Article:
What do Tyre Markings Mean?

Buying tyres for the first time many think that tyre markings are complicated. Each tyre has about 20 markings which give complete information about the technical characteristics and performance. Let's figure out the meaning of tyre markings and how to decipher the symbols considering the specific example.

Deciphering tyre markings on the specific example

One of the most important parameters in tyre markings is the size (number 1 in the figure). The size is presented in a universal format - A/B C, where:

  • A is the tyre cross section, i.e., width in mm;
  • B is the tyre height, indicated as a percentage of the width;
  • C is the diameter of the bead ring in inches.

The figure shows a tyre with size 205/55 R16. The marking also includes speed rating and load index as well as other parameters. If you want to read the tyre markings properly pay attention to these characteristics. The main and additional symbols of the tyre markings will be discussed below.


The very first digit in the tyre size (A) is the tyre width. The width of the 205/55 R16 tyre in the figure is 205 mm. The width depends on the features of the vehicle. Many car owners choose tyres with a larger width to make their car look high end.


Height is the next standard parameter in tyre size (B). Marking 205/55 R16 means that the height is 55% of the width. It is easy to calculate: 205 • 55% (0.55) = 112.75 mm.

The larger the B value in the formula, the higher the tyre will be and vice versa. This parameter is very important. So, choosing a tyre with size 215/55 R16 instead of 205/55 R16, remember that the bigger the width, the bigger the height, which is not always appropriate.

The higher wheels could lead to the higher centre of gravity, which impairs the cornering stability of the vehicle and increases the risk of roll-over.

Mounting tyres with a higher profile is advisable for vehicles with stiff suspension to improve driving comfort. It should be noted that the tyre height decreases as the tread wears out during operation.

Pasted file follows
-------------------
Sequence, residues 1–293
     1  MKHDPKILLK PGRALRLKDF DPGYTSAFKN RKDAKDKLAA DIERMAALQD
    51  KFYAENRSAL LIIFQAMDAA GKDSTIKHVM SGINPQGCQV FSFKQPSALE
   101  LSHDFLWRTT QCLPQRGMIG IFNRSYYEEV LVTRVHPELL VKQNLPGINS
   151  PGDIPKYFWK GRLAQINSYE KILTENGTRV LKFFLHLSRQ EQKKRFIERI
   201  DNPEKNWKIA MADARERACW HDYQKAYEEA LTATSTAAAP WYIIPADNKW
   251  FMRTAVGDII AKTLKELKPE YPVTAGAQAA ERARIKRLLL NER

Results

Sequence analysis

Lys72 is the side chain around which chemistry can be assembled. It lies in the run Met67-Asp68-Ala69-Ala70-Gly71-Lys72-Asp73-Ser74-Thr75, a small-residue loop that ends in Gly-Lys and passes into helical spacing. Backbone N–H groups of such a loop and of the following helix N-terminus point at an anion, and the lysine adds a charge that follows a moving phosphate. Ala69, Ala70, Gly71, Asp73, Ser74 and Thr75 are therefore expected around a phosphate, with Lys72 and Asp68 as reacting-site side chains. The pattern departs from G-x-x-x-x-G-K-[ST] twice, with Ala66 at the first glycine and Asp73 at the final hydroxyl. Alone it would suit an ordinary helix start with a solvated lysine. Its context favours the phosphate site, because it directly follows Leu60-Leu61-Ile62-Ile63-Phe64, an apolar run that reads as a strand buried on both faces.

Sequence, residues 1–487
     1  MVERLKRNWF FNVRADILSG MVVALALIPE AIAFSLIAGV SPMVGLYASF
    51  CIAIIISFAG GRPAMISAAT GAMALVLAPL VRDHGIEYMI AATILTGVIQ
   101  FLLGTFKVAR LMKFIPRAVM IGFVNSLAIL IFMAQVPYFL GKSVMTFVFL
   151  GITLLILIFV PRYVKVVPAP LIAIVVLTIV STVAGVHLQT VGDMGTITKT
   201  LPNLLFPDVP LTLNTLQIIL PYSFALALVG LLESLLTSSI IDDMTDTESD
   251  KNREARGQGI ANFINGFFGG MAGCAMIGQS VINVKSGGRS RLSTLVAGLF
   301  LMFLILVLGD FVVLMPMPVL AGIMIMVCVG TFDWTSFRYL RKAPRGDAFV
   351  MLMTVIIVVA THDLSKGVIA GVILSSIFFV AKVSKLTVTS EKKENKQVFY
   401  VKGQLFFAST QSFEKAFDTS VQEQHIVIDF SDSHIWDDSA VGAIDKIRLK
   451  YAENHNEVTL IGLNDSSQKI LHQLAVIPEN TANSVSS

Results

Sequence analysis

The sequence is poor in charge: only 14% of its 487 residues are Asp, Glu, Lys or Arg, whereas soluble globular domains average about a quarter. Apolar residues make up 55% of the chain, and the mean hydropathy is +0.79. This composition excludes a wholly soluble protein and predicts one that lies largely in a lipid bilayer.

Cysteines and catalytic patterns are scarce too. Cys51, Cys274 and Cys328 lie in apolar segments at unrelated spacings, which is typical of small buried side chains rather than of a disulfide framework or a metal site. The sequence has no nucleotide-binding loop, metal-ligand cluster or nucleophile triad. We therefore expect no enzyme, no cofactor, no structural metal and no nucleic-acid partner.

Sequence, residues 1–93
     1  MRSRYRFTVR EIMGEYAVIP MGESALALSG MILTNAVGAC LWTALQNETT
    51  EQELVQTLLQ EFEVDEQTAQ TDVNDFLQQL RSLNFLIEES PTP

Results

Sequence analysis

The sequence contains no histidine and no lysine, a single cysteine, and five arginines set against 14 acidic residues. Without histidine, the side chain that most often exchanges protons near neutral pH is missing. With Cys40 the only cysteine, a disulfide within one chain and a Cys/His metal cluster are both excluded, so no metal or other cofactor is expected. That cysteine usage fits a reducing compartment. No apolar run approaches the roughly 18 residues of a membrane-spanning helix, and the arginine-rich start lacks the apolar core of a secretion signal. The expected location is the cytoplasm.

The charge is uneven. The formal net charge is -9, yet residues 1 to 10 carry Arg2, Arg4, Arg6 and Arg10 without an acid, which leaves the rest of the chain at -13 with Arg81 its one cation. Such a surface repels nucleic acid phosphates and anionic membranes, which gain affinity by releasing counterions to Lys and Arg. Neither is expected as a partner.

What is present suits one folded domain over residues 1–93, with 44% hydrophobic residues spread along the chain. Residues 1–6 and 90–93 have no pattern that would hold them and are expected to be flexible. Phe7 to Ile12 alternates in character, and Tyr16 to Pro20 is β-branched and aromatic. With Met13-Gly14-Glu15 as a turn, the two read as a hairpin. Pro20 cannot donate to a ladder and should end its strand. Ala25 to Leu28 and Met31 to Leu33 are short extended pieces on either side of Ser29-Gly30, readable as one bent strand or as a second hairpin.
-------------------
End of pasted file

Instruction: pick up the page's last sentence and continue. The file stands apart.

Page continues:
C in the general formula describes the diameter at rim seat. For the model in the figure, it is 16 inches, which is 40.64 cm (1 inch corresponds to 2.54 cm). The total height of the wheel depends on the diameter of the bead ring and is calculated as the sum of the diameter of the disc and the double height of the tyre. The formula of 205/55 R16 looks as follows:

  • The diameter of the bead ring is 40.64 cm.
  • Height is 112.75 mm (or 11.275 cm).
  • The total height of the wheel is 40.64 + 11.275 2 = 63.19 cm.

During operation, the height of the wheel decreases due to tread wear. The tread height of summer tyres is 7.5-8.5 mm, and winter tyres — 8.5-9.5 mm.

What does the Letter R next to the Diameter Mean?

Many believe that the letter R next to the diameter at rim seat means “radius”. But that’s not true at all, since the “R” designation reflects the type of the tyre construction — a tyre with the radial carcass. Most tyres are made with such a cord to ensure better performance characteristics.

This misconception was the reason why persistent expression “tyre radius” appeared. But all it takes to refute this version is to make simple calculations. If R16 would mean “radius of 16 inches”, then what the tyre height would be, when the diameter is 2 radii.

Speed rating

The tyre size is indicated several times in the figure. Below the number 16, there is another additional designation — 91V. The letter designation is a speed rating. The parameter declares the maximum available speed for a particular tyre model. You can find out the corresponding speed value in the table below.

Speed ​​RatingMaximum Allowable Speed ​​km/h